While Japan is still struggling with the shocking assassination of former prime minister Shinzo Abe, the man suspected of killing him claimed to the police that the reason he did so was due to Abe's ties to the controversial Unification Church, according to The Japan Times.
Tetsuya Yamagami, 41, who confessed to the assassination, said he shot Abe because of the former primer minister’s links to the Unification church, also known as the Moonies, which he held a grudge against for bankrupting his family.
Yamagami’s mother, a longtime member of the church, reportedly gave it $ 700,000 in donations two decades ago, plunging the suspect's family into poverty, he thought Abe was linked to the group, according to investigative sources.
Abe recently sent a video message to a Unification Church gathering held in September, an event former President Donald Trump also spoke in, The suspect said he watched it on the internet, according to police reports.
The original target, according to Japanese police, was Hak Ja Han Moon, the head of the Unification Church and widow of its founder, the Rev. Sun Myung Moon. The self-proclaimed messiah and "true father" of his followers, Moon founded the Unification Church in South Korea in 1954.
The assassination has refocused public attention on the religious group and its decades-old ties to Japan's ruling party. Many Liberal Democratic Party (LDP) lawmakers are said to have connections with the church, according to The Japan Times.
The church immediately distanced itself from the assassination. Tomihiro Tanaka, president of its Japan branch, officially known as the Family Federation for World Peace and Unification, said in a press statement that Yamagami was not a member of the church, but his mother was.
"As for the motive for suspect Yamagami's crime, and the donation issue reported by the media," Tanaka said, "we'd like to refrain from discussing it, as the case is under police investigation."
"As for the motive for suspect Yamagami's crime, and the donation issue reported by the media, we'd like to refrain from discussing it, as the case is under police investigation."Tomihiro Tanaka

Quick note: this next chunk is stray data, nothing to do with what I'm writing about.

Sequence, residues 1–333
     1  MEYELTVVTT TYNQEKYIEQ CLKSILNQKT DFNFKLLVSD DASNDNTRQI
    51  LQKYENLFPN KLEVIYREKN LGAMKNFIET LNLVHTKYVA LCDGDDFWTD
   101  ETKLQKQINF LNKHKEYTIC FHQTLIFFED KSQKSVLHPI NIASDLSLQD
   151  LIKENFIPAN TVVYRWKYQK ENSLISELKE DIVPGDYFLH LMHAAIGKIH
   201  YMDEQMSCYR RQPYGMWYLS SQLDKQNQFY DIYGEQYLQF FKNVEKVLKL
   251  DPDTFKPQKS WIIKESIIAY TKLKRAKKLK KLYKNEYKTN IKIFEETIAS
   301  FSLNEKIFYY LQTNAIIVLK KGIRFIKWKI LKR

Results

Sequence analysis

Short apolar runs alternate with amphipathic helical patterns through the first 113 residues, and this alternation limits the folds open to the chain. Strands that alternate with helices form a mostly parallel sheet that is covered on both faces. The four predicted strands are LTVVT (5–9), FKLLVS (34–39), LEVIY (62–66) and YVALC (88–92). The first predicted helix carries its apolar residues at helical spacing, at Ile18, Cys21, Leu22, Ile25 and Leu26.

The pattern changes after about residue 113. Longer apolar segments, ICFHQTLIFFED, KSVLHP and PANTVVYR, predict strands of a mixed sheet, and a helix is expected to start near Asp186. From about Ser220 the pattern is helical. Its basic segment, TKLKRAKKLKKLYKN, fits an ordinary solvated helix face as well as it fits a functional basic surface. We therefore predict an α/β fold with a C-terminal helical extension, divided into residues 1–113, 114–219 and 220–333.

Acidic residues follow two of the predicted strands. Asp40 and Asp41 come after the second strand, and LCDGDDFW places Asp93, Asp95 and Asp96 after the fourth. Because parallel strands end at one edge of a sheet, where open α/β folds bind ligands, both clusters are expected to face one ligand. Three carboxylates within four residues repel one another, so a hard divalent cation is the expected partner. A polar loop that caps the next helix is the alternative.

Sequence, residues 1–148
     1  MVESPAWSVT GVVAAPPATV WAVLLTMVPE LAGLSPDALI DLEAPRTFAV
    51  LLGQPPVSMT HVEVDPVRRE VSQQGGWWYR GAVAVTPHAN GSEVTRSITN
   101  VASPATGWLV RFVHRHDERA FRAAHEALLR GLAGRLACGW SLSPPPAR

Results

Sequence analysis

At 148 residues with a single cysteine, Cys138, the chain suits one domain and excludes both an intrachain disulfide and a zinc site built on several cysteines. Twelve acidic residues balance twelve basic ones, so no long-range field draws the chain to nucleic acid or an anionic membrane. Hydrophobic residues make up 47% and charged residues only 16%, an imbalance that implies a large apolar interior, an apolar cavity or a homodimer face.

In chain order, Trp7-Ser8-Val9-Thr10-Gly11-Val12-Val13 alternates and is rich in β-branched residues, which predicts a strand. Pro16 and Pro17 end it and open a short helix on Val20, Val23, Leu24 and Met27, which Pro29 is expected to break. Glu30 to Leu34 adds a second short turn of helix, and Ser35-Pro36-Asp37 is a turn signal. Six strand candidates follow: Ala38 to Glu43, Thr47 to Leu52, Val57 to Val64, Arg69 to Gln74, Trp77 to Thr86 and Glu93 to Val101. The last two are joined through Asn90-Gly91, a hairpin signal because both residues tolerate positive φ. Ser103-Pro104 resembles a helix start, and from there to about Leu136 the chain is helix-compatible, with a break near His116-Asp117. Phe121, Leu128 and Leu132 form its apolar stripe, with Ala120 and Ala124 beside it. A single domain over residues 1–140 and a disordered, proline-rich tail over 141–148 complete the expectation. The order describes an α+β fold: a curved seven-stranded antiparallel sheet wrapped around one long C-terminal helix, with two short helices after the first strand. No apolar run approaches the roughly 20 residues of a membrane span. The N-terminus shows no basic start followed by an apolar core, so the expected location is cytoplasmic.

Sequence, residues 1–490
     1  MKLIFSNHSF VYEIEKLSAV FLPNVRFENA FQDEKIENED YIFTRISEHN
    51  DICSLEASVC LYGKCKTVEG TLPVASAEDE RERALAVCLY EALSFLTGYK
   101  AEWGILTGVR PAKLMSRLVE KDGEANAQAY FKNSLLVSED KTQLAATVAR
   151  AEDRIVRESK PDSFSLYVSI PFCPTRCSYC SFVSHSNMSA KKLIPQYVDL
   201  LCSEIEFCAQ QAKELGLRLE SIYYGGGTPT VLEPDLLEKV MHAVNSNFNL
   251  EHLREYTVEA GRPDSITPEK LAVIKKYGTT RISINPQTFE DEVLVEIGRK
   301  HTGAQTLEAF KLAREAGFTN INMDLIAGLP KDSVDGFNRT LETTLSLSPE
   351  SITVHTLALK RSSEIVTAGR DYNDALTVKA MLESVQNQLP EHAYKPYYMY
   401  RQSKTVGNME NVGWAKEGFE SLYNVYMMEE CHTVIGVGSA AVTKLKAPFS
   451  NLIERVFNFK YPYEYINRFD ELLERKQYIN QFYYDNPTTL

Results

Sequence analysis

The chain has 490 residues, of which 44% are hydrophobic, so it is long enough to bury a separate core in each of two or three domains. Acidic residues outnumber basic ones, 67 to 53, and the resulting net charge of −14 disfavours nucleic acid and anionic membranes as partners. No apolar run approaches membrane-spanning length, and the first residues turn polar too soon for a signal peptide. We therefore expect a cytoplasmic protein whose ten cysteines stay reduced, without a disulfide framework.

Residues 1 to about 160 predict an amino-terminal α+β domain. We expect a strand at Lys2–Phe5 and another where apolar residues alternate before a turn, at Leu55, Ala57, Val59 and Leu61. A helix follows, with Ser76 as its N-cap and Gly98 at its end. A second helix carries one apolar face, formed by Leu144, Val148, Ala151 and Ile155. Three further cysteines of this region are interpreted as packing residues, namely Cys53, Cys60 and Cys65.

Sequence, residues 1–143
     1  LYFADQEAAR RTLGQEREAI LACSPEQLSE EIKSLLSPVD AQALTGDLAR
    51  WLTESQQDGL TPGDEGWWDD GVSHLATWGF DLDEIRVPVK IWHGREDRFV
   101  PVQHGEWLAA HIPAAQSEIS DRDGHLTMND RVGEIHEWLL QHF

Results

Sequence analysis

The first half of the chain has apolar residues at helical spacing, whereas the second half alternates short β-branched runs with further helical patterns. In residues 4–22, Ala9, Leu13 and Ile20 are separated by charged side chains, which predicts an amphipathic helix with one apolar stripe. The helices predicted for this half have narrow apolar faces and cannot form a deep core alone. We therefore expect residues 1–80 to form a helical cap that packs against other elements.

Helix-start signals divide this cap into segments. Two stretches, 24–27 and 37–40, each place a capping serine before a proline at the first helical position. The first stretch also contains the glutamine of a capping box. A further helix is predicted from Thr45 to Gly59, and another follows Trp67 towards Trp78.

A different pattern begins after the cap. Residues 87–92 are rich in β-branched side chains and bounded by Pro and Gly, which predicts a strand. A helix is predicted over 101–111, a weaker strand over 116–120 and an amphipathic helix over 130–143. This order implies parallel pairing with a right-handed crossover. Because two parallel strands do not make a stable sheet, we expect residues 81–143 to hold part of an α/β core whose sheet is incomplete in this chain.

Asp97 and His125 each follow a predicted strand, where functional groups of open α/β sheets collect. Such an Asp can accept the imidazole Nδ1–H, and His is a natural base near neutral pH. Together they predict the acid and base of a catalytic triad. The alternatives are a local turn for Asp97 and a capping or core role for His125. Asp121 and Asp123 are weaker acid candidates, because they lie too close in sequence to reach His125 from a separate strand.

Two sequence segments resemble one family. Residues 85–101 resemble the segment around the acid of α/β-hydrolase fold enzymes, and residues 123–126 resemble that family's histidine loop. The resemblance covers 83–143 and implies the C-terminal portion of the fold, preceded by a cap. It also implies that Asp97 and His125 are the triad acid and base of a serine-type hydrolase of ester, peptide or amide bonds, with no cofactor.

Yoshiyuki Inoue, an LDP Upper House lawmaker who was just elected this month, has said he is an informal member of the church but not a religious follower. Inoue was a political affairs secretary to Abe during his first stint as prime minister from 2006 to 2007, according to The Straits Times.
Inoue said he became an informal member on account of the groups' approval of his legislative policies in a statement to Kyodo News. He denied receiving or making donations, paying membership fees, or being asked to do so.
Former Defense Minister Tomomi Inada, an LDP Lower House member, has said she made remarks at a gathering of a group related to the church in 2009, but denied receiving support from the church due to disagreements with it over the rights of sexual minorities.
The Democratic Party for the People says it may need to take action while an internal investigation is taking place. The party chairman, Yuichiro Tamaki, has admitted receiving a donation from a former president of Sekai Nippo, a publication known to have close ties to the Unification Church.
The opposition, Nippon Ishin no Kai, has begun efforts to investigate the scope of the links between the church and politicians, following reports that one of its own lawmakers had links to the church.
It is unclear whether the LDP will follow the opposition parties and launch an internal investigation into links with the religious group, which is often identified as a “cult” in the United States and Europe.
The church, known for conducting mass weddings in sports stadiums, was founded in South Korea in 1954 by Rev Sun Myung Moon, a self-proclaimed messiah who preached new interpretations of the Bible and conservative values, including a strong anti-communist streak.
Despite its Korean origins, the church has found fertile ground in Japan, where it is said to have hundreds of thousands of members.
At the time, leftist pro-communist forces were rife in Japan and the LDP had regarded the Unification Church as a kindred spirit with which it shared political ideologies.
However, since the 1980s, social issues have clouded the image of the church, which has been accused of hard-sell tactics that led to more than 30 civil lawsuits.
The National Network of Lawyers Against Spiritual Sales, a group of 300 lawyers representing people who claim they have suffered financial damage because of the church, accuse it of brainwashing believers into handing over huge quantities of money.
The network has received 34,000 complaints relating to financial damages of at least 123.7 billion yen ($1.26 billion) in the past 35 years ending 2021.
Today, the group claims to have about 600,000 followers in Japan, which reportedly accounts for at least 70 per cent of its donations.